Speaking to Alex Jerome Tuhairwe and Isaiah Musinguzi in S.4 B, they said the school expects better results from them.

“It has been performing poorly. Last year they got 22 first grades but now they expect 60 first grades from us. That is the target,” said Musinguzi.

On a lighter note, the boys said they liked their brown kilts because they are unique, and that they were not dying to join A-Level for a change in uniform.
The A-Level boys wear brown khaki trousers and long-sleeved white shirts while all the girls in the school wear brown khaki skirts and white short-sleeved shirts.

For jargon at Nyakasura, these students really re-invented the meaning of language. Tuhairwe said latrine is “mashaka,” a fat girl is “Bina Babe,” and someone who tells lies is “Ngoni.”

Being candidates, Musinguzi and Tuhairwe are looking forward to the school’s traditional candidates’ dance, popularly called “CD.”

This year CD will take place on October 14. Musinguzi and Tuhairwe can’t wait to get smart and dance with beautiful girls of Nyakasura. Thank God they will take off the kilts and wear either a nice suit or go traditional with a tunic.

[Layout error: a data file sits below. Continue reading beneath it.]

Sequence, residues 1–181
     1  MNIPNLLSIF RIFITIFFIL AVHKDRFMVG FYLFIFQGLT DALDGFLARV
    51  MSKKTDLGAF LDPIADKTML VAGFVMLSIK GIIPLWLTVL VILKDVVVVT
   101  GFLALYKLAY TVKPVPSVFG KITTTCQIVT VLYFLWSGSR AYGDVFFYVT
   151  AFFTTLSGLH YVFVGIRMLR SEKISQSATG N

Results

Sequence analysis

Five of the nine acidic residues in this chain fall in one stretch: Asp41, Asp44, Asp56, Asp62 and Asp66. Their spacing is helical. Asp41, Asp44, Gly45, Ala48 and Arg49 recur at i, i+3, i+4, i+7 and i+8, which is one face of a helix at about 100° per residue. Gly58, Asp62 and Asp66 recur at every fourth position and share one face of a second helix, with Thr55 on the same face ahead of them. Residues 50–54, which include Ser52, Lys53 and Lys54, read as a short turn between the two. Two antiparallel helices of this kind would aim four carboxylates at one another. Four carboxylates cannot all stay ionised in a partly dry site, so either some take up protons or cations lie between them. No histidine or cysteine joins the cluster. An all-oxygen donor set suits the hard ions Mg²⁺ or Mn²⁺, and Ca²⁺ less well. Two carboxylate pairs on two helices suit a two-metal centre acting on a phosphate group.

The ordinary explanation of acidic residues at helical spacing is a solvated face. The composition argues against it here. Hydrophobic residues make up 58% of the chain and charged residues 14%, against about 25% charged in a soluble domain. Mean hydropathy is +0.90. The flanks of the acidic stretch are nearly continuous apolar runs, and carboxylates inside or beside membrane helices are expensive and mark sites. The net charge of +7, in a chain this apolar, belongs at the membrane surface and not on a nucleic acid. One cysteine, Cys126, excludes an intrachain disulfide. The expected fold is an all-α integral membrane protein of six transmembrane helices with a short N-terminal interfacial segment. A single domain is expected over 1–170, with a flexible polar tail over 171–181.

School Anthem

Years of struggle lie behind us
Ceaseless labour little gain
Ever let those years remind us
Sunshine follows after rain.

Alternating joy and sorrow
Hope deferred success achieved
Teach us that on each tomorrow
Each day’s loss may be retrieved.

May the joy of serving others
Be to us our true reward
Let us love indeed as brothers
As disciples of the Lord.

So today and so tomorrow
Nyakasura School shall be
Equally in joy and sorrow
Faithful Lord of Hosts to Thee.

Prominent old boys

Members of Parliament:

  • Hon. Adolf Mwesigye
  • Hon.Kamanda Bataringaya
  • Gen. David Tinyefuza
  • Hon. Crispus Kiyonga
  • Aston Kajara
  • Judges and legal professionals:
  • Patrick Tabaro
  • Paul Mugamba
  • Herbert Ntabagoba
  • Julia Sebutinde
  • Seth Manyindo
  • Richard Buteera
  • John Agaba


  • Dr. Edward Nyatia
  • Dr. Nathan Twinamasiko
  • Dr. Edward Kajura
  • Dr. Apuuli Bwango
  • Dr. Vincent Karuhanga


  • Beatrice Kiraso
  • Tomasi Sisye Kiryapawo
  • Wagonda Muguli J.
  • Ben Turyasingura
  • Maj. Gen. Benon Biraaro
  • Maj.Edward Rurangaranga
  • Maj. Rwaboni Okwir
  • Tim Lwanga
  • Jaberi Bidandi Ssali
  • Prof. Edward Rugumayo
  • Frank Kalimuzo
  • John Kazoora
  • David Kasingwire
  • George Kihuguru
  • Patrick Rujumba
  • Anthony Lubombora
  • Andrew Mwenda
  • Don Kitamirike
  • Mustafa Mutyaba
  • Hamis Mpagi
  • Hannington Karuhanga

Next week we visit
St. Leo’s Kyegobe